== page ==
Now that the ACA has entrenched "free" preventive care in the law, the NYT comes out and tells us that the "it saves money" justification is false. No mention that such evidence was already available before the ACA became law.
I remember posting here about a New England Journal of Medicine article that warned us preventive care actually causes overall medical spending to rise, not fall.
The nanny-staters plugged their ears, wanting nothing to rebut their preferred Narrative for pursuing socialized medicine.
Now we're on the hook for expanding MaineCare, with the same false justifications being repeated endlessly.
So does the writer of the article say we should rethink our policy about forced spending on preventive care?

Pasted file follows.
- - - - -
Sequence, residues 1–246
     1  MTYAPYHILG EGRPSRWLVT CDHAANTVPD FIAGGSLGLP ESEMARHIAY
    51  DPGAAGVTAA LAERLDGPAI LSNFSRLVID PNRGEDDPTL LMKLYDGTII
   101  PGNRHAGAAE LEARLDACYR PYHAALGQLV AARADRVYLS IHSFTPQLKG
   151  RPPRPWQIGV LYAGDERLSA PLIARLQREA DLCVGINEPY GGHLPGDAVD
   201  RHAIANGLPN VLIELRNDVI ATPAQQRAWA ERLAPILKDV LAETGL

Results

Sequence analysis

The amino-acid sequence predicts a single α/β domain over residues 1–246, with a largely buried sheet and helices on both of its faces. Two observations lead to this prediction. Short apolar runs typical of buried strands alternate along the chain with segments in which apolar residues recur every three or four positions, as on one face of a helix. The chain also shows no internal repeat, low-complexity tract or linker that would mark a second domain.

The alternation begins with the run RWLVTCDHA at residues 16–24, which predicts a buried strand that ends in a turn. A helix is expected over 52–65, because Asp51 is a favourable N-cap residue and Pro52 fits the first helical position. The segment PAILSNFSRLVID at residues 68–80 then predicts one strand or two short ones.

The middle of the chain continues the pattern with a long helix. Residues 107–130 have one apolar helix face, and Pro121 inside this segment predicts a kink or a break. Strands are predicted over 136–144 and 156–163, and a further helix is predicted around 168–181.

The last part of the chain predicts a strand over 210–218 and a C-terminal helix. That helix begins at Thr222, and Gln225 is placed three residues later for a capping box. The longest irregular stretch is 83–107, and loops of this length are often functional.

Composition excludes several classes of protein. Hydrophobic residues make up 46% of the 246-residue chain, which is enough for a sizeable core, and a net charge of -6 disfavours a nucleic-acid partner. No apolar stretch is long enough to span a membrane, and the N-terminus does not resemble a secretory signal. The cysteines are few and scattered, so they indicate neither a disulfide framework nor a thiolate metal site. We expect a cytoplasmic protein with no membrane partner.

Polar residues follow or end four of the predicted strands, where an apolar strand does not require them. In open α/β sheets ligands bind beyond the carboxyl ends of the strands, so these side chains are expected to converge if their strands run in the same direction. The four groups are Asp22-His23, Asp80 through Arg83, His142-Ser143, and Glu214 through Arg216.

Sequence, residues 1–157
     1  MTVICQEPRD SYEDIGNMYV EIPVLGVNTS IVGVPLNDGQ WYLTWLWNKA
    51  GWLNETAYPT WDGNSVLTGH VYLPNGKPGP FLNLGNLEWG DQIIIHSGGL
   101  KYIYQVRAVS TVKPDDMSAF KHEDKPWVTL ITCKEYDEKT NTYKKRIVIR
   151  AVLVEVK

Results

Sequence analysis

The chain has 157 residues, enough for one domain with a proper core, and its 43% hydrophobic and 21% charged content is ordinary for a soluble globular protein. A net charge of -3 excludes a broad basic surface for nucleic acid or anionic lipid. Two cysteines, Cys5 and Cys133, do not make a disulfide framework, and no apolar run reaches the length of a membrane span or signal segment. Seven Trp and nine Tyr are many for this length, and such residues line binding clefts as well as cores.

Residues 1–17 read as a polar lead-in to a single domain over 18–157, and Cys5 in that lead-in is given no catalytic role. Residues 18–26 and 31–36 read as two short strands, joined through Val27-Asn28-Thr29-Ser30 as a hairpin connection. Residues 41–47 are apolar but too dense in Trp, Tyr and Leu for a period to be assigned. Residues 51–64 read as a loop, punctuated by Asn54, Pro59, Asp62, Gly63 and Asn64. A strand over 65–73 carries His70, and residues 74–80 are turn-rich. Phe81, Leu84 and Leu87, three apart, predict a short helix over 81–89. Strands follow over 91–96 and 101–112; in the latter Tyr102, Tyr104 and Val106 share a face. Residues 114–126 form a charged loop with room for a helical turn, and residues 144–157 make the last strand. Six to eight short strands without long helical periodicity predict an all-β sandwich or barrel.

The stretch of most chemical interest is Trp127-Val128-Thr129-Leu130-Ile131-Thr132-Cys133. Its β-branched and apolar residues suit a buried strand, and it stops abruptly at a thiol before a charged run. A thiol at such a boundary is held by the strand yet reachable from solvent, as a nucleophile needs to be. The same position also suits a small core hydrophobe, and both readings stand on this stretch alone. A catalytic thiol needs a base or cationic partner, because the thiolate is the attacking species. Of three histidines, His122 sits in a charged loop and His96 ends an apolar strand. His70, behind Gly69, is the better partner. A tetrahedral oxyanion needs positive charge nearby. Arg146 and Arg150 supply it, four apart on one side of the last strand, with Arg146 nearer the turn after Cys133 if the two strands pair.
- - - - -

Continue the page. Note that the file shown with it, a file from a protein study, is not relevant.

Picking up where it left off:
Of course not!
Instead, the call is to switch justification for the policy to, "it makes us happier."
Sheesh. So much for a free country.
The worst thing about our nation's health care regulations is not the cost, IMO.
It's the unintended (or intended?) suppression of disruptive innovation that could transform not only the way medical care is delivered, but the way it's financed.
We'll never know what the fertile, creative minds of Americans would come up with if regulations weren't enforcing one particular paradigm (so-called insurance).